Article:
Looking ahead to 2019, ‘Championship Horse Racing’ (CHR) is aiming to transform the way in which racing is consumed, elevating the sport’s engagement levels amongst the general public.
This December, further foundations for CHR were unveiled, as it looks to deliver racing’s first league competition featuring high profile teams competing to be champions of ‘The Series’.
CHR is led by Jeremy Wray, the former chairman of Swindon Town FC who puts forth the ambitious mandate that CHR will ‘providing a simple, accessible format that’s gripping, thrilling and unmissable’.
“No, it’s not a joke. We want CHR to demystify horse racing, starting with its identity crisis. We must ensure that even the casual viewer knows what is happening the moment they start watching.” Wray states
Planning to launch next summer (July-September period), CHR aims to feature twelve branded teams, similar to F1 racing, with squads of 30 studs and four riders, competing in a £ multi-million league format.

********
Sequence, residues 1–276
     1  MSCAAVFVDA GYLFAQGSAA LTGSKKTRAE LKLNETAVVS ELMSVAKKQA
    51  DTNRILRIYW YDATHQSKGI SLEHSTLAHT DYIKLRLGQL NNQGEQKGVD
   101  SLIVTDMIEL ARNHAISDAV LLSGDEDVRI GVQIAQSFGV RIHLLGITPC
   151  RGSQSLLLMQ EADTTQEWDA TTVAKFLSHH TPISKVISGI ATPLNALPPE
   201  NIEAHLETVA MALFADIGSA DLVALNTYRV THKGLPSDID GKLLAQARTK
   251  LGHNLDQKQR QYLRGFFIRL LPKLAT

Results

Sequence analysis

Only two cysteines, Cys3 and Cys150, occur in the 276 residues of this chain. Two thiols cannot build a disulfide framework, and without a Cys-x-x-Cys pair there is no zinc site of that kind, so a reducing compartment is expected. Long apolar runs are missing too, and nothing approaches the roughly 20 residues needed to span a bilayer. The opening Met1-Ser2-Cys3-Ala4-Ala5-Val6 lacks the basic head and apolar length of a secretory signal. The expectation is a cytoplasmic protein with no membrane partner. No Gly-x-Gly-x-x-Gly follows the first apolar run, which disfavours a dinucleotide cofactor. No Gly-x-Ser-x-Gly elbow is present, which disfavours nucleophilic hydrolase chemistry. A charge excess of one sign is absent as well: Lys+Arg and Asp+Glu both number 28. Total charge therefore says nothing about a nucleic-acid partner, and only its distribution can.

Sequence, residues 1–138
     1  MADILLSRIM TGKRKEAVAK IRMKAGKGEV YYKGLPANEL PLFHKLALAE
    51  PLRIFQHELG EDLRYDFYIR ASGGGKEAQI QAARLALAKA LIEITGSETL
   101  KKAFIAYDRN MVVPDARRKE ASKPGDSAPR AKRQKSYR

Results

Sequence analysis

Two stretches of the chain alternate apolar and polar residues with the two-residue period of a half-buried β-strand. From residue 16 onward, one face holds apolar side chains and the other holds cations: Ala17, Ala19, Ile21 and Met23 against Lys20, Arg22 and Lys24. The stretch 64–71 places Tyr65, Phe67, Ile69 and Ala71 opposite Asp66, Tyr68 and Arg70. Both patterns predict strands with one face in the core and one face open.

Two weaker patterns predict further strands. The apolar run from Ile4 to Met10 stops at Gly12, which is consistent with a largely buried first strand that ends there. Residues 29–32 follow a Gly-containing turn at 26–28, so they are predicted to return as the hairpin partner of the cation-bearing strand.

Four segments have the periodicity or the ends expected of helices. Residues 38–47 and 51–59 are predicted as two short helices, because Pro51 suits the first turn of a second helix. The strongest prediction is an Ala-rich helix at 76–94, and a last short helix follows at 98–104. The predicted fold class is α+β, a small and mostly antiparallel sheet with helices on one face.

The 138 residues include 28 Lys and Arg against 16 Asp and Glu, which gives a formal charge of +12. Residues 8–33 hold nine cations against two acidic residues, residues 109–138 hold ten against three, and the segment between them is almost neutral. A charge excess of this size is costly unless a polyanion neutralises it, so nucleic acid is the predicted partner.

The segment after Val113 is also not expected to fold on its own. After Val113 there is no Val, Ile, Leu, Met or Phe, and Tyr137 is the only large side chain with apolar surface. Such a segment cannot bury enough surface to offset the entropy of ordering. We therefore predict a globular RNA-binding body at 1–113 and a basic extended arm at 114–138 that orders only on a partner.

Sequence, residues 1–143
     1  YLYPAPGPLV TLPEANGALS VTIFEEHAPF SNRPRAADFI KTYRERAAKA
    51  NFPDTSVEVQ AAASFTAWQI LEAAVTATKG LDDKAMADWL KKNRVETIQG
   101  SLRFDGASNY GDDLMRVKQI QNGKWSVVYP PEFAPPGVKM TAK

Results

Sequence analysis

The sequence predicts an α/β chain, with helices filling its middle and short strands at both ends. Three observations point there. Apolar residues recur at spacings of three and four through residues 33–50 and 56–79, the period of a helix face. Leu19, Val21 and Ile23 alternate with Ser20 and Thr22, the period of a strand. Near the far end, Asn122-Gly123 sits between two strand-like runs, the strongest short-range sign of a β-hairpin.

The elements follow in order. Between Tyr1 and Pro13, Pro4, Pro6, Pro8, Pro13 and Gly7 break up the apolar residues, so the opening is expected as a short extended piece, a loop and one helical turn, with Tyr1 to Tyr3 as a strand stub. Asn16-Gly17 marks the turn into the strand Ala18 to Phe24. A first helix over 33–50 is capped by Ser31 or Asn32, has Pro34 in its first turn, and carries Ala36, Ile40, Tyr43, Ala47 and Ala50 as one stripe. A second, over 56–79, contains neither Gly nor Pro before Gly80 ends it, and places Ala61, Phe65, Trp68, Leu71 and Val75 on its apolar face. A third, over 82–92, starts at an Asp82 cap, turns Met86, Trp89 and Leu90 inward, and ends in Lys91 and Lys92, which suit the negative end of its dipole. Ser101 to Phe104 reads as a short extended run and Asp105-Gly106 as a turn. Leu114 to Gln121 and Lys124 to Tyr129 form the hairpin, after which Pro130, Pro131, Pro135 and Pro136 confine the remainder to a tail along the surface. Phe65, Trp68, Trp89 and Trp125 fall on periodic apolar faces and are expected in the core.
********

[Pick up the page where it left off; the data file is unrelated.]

Setting a high target, Wray and CHR seek to stage 48 syndicated races within the UK and Ireland, which will all feature a minimum of £100,000 in prize money.
Heading into 2019, CHR announced its most important update, confirming that eight UK/IRE racecourses have committed to staging ‘The Series’. The proposed courses are: Ayr, Epsom Downs, Goodwood, Haydock Park, Leopardstown, Newbury, Newmarket July Course and Sandown Park.
Securing the commitment of the Jockey Club, which will stage four of the eight fixtures, Wray states that CHR had achieved its first milestone:
“We’re thrilled that The Series is due to take place at such prestigious courses and that it will debut in three countries. They are great locations and have superb facilities for summer evening racing that promises fans something they’ve never experienced before. Fans will be encouraged to engage with the teams and our aim is to help tell the stories about the tens of thousands of people involved in the sport.”
Despite gaining its racecourse commitment, CHR is still in its concept stage, as its 2019 schedule has to be approved by the British Horseracing Authority (BHA), who stated to racing news sources that it was reviewing CHR fixture proposals and that it was in open dialogue with organisers’.